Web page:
Goldsmith Street, the city’s ground-breaking development of eco-efficient council homes, was awarded the RIBA Stirling Prize at a ceremony in London last night.
This is the first time a council housing project has been nominated for the prestigious architectural award, shortlisted alongside the likes of London Bridge Station and Nevill Holt Opera.
As well as being a rare example of new council homes being built in the UK, all 93 homes are built to Passivhaus standards – ultra-low energy buildings which need minimal fuel for heating or cooling. Residents also enjoy the added benefit of up to 70% cheaper fuel bills thanks to the eco-technology.
Designed by architects Mikhail Riches, this scheme is currently one of the largest developments of Passivhaus properties in the country, and has attracted national praise for its innovative design.
Earlier in the evening the development also won the Neave Brown Award for Housing, introduced to recognise the best new example of affordable housing in the UK.
Councillor Gail Harris, Norwich City Council’s cabinet member for social housing, said: “This is an incredibly proud moment for Norwich, our strong history of building social housing and our ambitions to raise environmental standards.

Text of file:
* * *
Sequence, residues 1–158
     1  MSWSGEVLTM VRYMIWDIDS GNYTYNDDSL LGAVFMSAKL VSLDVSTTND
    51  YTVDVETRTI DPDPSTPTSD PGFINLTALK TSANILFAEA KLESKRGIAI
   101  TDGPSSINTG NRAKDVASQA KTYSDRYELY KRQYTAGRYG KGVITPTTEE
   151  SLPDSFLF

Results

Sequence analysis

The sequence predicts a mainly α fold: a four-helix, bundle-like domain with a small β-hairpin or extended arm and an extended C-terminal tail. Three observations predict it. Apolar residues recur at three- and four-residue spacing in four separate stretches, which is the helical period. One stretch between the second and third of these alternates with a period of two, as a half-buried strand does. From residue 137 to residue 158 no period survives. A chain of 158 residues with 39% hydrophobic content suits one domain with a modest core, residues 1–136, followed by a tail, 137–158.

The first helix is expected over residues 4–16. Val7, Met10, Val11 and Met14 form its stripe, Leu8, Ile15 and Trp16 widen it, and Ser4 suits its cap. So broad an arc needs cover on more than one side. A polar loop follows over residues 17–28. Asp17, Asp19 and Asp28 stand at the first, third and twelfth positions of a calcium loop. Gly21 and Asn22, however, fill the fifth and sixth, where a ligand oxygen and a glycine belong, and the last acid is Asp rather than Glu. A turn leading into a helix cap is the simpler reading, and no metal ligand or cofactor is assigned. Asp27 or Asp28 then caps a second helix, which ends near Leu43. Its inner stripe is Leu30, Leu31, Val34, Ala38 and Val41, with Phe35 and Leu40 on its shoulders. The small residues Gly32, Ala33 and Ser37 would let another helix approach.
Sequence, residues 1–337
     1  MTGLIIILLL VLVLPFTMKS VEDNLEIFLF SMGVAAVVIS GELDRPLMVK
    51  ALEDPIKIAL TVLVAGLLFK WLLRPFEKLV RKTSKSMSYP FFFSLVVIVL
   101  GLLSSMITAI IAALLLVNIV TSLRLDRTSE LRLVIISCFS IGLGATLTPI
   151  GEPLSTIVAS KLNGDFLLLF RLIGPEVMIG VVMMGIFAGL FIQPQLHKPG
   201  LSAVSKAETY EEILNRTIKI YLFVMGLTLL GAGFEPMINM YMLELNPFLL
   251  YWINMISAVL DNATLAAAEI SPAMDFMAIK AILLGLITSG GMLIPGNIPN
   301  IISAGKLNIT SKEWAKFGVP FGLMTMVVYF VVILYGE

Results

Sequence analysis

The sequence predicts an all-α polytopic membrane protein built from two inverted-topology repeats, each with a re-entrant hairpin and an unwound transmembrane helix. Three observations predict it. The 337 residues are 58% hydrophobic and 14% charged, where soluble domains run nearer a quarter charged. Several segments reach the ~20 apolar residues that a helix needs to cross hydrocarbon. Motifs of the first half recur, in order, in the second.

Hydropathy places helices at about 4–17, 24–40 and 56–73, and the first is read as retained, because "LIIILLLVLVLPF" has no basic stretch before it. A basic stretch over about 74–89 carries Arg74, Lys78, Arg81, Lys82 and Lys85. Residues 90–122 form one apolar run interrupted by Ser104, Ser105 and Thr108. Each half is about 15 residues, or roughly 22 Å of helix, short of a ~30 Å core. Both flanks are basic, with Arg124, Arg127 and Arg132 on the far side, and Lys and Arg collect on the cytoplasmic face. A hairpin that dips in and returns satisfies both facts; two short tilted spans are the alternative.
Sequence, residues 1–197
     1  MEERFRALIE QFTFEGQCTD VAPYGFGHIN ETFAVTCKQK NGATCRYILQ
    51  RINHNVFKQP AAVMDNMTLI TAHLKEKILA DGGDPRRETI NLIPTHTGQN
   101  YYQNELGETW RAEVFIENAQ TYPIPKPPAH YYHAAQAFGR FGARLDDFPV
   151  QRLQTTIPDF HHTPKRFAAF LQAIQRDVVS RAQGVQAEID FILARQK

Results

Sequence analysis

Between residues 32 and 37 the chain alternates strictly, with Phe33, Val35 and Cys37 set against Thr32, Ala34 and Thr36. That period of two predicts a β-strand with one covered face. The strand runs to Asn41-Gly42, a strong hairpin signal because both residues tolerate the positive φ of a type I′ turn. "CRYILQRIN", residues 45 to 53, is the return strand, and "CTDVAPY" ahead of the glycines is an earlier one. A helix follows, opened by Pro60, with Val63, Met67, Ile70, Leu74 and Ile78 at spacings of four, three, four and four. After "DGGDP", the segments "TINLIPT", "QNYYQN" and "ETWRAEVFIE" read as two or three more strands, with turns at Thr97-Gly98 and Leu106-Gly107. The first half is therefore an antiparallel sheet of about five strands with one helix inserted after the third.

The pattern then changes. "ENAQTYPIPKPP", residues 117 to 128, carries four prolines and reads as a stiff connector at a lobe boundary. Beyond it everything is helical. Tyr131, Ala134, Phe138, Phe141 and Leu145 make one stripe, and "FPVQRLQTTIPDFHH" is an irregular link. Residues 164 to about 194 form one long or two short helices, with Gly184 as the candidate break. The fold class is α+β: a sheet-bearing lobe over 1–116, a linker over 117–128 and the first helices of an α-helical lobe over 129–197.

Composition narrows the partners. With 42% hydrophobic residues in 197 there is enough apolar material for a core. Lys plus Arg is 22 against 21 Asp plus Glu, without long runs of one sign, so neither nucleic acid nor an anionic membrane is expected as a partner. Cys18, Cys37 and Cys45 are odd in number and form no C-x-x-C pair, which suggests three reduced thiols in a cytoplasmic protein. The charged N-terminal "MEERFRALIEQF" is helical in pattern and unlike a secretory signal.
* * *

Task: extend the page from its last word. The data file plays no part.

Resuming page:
“Winning this prestigious award shows that it is possible to build fantastic new council homes, despite the challenges posed by central government cuts and restrictions around Right to Buy receipts.
“We are incredibly grateful to Mikhail Riches for sharing our vision for these homes, and helping us to create a sustainable community for our residents.”
The 2019 RIBA Stirling Prize judges, chaired by Julia Barfield, said: “Goldsmith Street is a modest masterpiece.
“This is proper social housing, delivered by an ambitious and thoughtful council. These desirable, spacious, low-energy properties should be the norm for all council housing.”
All of the properties have been let through the council’s Home Options scheme on secure tenancies.